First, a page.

PUSH writing is coming to an end

My domain registration for pushwriting.com ends April 14, 2022. I’ve decided close up shop before then. Since this may be an unwise decision, it seems appropriate for me to schedule my last post for April Fool’s day.

I, along with many other teachers, have been growing increasingly dissatisfied with the American educational system. Many of us might have held on had it not been for the Covid-19 epidemic, which exposed more problems than we wanted to acknowledge and for which we didn’t want to take the blame.

As things “get back to normal,” I’ve a gnawing feeling normal will be worse than it ever was.

Sadly, teachers who are supposed to teach writing don’t really understand that writing is a skill, just as playing an instrument is a skill. From one week to the next, writing teachers may switch from having students write poems to having them write essays about historical figures. They don’t see that what they’re asking is like the PE coach expecting to field a winning football team when they have students practice hitting a golf ball one week and practice putting a basketball through a hoop the next.

Here and there a few teachers get it.

Unfortunately, all too often good writing teachers often leave teaching for some other line of work.

I’m tired of trying to tell teachers how to teach writing so that students learn to write because I don’t think most schools actually allow teachers to teach so students do learn to write. School boards see the importance of students having band practice and football practice day after day and week after week, but the idea that writing is a skill requiring regular practice over an extended period of time would never occur to them.

The next three Fridays, I’ll try to come up with an encouraging word or two for you writing teachers who stick with the work. Meanwhile, I’m going to look for something to do that will be, as one of my college students once said, “fun and exiting.” (I’ve already got the exiting part figured out.)


Can students see the goal?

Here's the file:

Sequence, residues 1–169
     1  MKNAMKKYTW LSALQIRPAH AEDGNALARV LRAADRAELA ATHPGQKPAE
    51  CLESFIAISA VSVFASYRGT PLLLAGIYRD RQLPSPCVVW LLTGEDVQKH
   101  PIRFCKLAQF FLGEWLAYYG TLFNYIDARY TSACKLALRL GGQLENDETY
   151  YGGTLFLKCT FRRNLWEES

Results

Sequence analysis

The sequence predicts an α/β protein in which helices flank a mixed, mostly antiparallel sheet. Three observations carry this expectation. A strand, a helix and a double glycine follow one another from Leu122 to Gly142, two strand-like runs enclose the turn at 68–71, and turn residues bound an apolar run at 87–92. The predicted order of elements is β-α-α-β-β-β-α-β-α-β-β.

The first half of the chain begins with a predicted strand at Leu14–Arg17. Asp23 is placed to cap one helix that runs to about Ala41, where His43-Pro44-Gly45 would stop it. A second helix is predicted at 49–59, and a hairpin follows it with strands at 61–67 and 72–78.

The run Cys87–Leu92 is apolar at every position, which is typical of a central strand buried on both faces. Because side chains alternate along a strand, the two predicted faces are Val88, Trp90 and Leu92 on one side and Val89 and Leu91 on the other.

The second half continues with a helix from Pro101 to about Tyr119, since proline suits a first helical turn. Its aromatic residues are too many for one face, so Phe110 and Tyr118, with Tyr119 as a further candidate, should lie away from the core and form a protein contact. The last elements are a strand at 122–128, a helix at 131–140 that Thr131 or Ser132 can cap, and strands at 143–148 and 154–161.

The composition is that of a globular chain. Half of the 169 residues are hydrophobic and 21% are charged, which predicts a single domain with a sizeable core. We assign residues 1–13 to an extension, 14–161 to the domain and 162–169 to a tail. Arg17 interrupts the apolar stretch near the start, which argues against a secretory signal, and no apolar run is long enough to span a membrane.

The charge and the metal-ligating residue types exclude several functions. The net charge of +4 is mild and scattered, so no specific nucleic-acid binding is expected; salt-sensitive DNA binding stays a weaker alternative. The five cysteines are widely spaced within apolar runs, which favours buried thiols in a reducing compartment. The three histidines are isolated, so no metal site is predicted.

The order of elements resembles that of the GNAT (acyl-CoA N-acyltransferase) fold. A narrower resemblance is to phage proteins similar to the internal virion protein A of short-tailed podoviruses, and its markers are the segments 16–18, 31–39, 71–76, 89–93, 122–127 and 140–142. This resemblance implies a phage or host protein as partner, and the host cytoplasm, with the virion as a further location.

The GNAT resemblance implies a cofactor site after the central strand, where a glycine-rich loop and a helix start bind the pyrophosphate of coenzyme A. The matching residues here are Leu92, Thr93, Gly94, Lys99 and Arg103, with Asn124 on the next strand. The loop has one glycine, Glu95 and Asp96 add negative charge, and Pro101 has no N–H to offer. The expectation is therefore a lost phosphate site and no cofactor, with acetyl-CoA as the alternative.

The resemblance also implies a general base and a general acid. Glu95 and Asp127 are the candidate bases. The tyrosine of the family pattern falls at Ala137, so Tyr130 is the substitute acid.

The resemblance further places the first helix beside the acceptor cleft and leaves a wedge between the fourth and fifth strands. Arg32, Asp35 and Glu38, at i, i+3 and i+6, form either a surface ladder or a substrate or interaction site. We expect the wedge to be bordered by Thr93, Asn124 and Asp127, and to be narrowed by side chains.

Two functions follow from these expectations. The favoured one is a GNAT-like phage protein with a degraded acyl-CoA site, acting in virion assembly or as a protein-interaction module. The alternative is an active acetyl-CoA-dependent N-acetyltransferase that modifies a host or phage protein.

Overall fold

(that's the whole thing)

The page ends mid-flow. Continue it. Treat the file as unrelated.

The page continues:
When I took my MS at Syracuse University, I was awarded an assistantship at the Newhouse School of Public Communications. My first term, I was assigned to work for a faculty member in the Advertising Department.

A few weeks into the fall term, the Dean of the Newhouse School told me that the professor had protested being given an assistant with no advertising experience. The Dean said he told her there are usually a couple assistants who need to be reassigned and if she’d wait a couple weeks, he could arrange a swap. The professor had come back that week and told him I was the best assistant she’d ever had.

She said she had given me a stack of papers to grade and was astonished that I knew exactly what to look for and had graded the papers overnight. I had accomplished the task that so astonished the professor by grading students’ papers according to how well they did what the directions told them to do.

At the time, I couldn’t believe that no other graduate assistants had reached that startling conclusion. Now, that that I’m older and more disillusioned, I realize that being able to discover the goal of an assignment from the directions for an assignment is not a common skill.

That’s why I was pleasantly surprised this week by an email I received from a graduate of a area college expressing interest in doing illustrations for books I’m writing about how to visit in nursing homes. (If you’re interested in getting updates on what I’m doing, use this link: https://dropping-by-books.ck.page/signup)

The artist said was interested in the project because she had done some visiting in a nursing home and her grandmother was reaching a point at which it is likely that she will have to be in a nursing home. Those two facts from her personal experience tell me she understands the goal of my books.

As writing teachers, you and I need to regularly spend a few minutes forcing students to think about what the goals of specific writing prompts are. If students see writing prompts as just busy work, even if they respond well to the prompts, we’ve not done a good job of teaching writing.

© 2021 Linda G. Aragoni

Writing prose and cleaning toilets

A neighbor whom I know well enough to greet by first name—hers and mine are the same—said to me yesterday, “You must really enjoy writing.”

“I enjoy it about as much as I like cleaning the toilet,” I replied.

Toilet with plunger and brush beside it.
I’d as soon clean a toilet as write.

She recoiled. “That’s a horrible thing to say.”

Horrible, perhaps, but true.

Writing is my work. It’s not something I do eight hours a day for the fun of it.

I enjoy having written. When I finish something that accomplishes what it was supposed to do—introduce students PERT charting or drill sales people on the characteristics on an oncology drug—I feel good about my work. But the actual act of writing anything but a humor piece is work, and sometimes even being funny is a chore.

I can sympathize with students who moan about how hard writing is because writing is hard for me, too. But I refuse to allow students to dodge writing because it’s hard.

Writing is work.

Work is hard.

I don’t love writing.

Students don’t have to love writing either, but students must learn to do it and you and I must teach them how to do it.

We must teach students that not every piece of writing has to be art.

We must teach them to recognize when what they’ve written fulfills the assignment.

We must teach them that “good enough” is usually good enough.